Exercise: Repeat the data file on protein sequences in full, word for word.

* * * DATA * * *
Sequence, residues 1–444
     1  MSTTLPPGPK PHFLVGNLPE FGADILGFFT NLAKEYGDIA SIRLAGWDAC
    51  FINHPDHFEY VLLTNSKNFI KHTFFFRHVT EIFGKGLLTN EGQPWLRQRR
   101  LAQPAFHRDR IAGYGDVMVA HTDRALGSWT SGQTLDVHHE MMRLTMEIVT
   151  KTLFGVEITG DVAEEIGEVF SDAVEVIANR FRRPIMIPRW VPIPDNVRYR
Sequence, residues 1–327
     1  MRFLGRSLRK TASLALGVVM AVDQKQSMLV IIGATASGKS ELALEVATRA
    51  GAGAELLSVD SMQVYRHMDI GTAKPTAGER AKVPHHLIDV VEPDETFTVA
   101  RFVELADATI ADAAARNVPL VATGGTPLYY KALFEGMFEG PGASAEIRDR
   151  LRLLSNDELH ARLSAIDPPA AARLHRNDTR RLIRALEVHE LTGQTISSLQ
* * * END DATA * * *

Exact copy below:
Sequence, residues 1–444
     1  MSTTLPPGPK PHFLVGNLPE FGADILGFFT NLAKEYGDIA SIRLAGWDAC
    51  FINHPDHFEY VLLTNSKNFI KHTFFFRHVT EIFGKGLLTN EGQPWLRQRR
   101  LAQPAFHRDR IAGYGDVMVA HTDRALGSWT SGQTLDVHHE MMRLTMEIVT
   151  KTLFGVEITG DVAEEIGEVF SDAVEVIANR FRRPIMIPRW VPIPDNVRYR
Sequence, residues 1–327
     1  MRFLGRSLRK TASLALGVVM AVDQKQSMLV IIGATASGKS ELALEVATRA
    51  GAGAELLSVD SMQVYRHMDI GTAKPTAGER AKVPHHLIDV VEPDETFTVA
   101  RFVELADATI ADAAARNVPL VATGGTPLYY KALFEGMFEG PGASAEIRDR
   151  LRLLSNDELH ARLSAIDPPA AARLHRNDTR RLIRALEVHE LTGQTISSLQ